Those who were looking to Telescope to emerge as one of the stars of the season must wait a while longer to refocus their hopes. After some twinkling homework on the Newmarket gallops, the Sir Michael Stoute-trained colt galloped as swiftly up the betting for the Derby, only to defect from the Epsom showpiece with nine days to go because of a sore shin. Now he will miss his chance to shine at Royal Ascot, too.
Telescope has yet to race as a three-year-old, having missed an intended run in the Dante Stakes after skinning his legs on a horsebox ramp, and has only a Newmarket maiden victory to his name. But that success has been well advertised – the five who followed him home have all won since, most notably runner-up Elkaayed, who romped to victory at Doncaster on Saturday – and the son of Galileo was, and still is, regarded as an exciting talent.
Mindful of his potential this year and next (his trainer's patience with horses of his type has reaped rich reward in the past), it is likely to be late summer before Telescope, who is owned by one of the Highclere Thoroughbred syndicates, makes the track again, which would also rule out the Irish Derby. "Telescope is fine now, 100 per cent, but he has been through a lot in a short space of time," said Highclere manager Harry Herbert, "and Sir Michael does not feel it would be right to take him to Ascot. In his words, we need to re-group with the horse and see where we are later on. But we still have a lot of faith in him."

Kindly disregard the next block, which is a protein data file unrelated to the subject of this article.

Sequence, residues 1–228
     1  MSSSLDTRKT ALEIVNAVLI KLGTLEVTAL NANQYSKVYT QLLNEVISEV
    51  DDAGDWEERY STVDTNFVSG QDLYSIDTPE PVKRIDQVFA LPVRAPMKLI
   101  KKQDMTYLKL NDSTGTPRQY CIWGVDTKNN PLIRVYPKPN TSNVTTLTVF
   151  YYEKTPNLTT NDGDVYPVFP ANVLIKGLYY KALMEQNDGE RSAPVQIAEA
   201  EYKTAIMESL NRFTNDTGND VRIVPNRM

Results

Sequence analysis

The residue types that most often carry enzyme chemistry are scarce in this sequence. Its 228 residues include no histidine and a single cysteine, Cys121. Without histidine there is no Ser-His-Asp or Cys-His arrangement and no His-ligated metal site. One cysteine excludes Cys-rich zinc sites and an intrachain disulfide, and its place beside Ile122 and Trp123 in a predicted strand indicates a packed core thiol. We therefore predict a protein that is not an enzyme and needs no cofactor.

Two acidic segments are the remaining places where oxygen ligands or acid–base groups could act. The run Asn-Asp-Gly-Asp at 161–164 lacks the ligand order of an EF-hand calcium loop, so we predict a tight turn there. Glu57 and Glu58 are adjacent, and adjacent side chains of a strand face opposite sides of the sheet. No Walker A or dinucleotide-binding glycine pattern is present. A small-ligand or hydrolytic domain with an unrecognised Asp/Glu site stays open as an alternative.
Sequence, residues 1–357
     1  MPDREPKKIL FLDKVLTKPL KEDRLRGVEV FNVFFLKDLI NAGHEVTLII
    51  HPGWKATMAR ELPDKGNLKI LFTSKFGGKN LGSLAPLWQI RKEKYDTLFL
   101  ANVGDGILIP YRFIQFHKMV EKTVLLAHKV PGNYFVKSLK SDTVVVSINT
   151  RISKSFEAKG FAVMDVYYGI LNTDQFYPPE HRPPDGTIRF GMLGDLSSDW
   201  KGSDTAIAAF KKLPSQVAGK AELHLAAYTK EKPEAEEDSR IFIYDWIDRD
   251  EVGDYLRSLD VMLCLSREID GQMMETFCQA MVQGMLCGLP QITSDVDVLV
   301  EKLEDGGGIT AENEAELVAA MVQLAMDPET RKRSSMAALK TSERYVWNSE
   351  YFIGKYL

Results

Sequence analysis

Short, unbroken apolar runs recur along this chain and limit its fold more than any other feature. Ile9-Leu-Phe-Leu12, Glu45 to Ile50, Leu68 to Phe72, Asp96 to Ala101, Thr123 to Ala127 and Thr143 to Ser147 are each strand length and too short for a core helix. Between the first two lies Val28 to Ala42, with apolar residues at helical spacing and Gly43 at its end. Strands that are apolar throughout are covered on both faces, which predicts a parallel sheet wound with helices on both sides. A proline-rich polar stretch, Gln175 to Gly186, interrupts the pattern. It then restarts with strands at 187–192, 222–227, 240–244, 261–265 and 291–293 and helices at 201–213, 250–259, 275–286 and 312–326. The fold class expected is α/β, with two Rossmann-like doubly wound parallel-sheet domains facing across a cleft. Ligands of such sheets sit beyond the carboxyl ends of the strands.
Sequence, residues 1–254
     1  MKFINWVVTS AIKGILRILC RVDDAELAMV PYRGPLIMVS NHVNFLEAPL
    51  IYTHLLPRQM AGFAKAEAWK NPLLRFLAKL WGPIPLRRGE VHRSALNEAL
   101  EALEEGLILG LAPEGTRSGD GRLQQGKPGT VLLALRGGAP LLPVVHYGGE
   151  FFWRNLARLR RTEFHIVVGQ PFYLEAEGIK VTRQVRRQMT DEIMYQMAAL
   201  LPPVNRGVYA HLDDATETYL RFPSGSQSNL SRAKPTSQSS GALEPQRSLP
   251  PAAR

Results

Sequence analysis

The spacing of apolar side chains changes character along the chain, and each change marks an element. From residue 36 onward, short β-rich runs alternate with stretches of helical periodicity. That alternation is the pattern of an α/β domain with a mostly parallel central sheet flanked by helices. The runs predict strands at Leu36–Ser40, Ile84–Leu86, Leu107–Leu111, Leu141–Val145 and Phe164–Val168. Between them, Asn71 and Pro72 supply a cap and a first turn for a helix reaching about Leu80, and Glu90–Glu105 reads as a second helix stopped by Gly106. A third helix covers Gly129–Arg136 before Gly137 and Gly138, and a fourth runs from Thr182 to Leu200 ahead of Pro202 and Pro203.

Telescope's Ascot entry had been the King Edward VII Stakes, regarded as a Derby consolation or a staging post for upwardly mobile types. Elkaayed and another Highclere colourbearer, Greatwood, are among the entries.
Royal Ascot, which opens on Tuesday week, provides the next set of elite tests on the domestic calendar, with seven Group One contests in five days. On the sprinting front Reckless Abandon, one of last year's speediest juveniles, is likely to take his chance in the five-furlong King's Stand Stakes on the opening afternoon, rather than the longer Diamond Jubilee Stakes.
The three-year-old opened his second season with a close third over the minimum trip at Haydock last month. "He has come out of that really well," reported trainer Clive Cox, "and I think Ascot's stiff five will suit him."
Reckless Abandon, twice a top-level winner over six furlongs last term, is second market choice for the King's Stand, behind the South African champion Shea Shea, who has been acclimatising well in Newmarket since taking a Group One sprint at Meydan in March. "He's a big, strong horse and has dealt with the travelling well," said trainer Mike de Kock of the six-year-old, "and he's been doing good pieces of fast work."
Sixty years ago, the Queen celebrated her coronation month with a winner at the Royal meeting, Choir Boy in the Hunt Cup. Her candidate for an anniversary repeat at this year's meeting is the Gold Cup third favourite Estimate, who went well in her work with her Stoute stablemates this morning in Newmarket.
Chris McGrath's Nap
Another Claret (3.15 Thirsk) Having been tried over a selection of distances, returns to handicap company on what may prove an entirely workable mark over what may be his optimum trip.
Muhdiq (6.50 Sandown) Had no chance from his draw on his seasonal debut last month (also his first run as a gelding), but ran eye-catchingly well and there should be more to come with that run under his girth.
One to watch
Tropics (Dean Ivory) Was run out of the spoils late at Windsor on Monday, but was in front soon enough and still looks a progressive sprinter.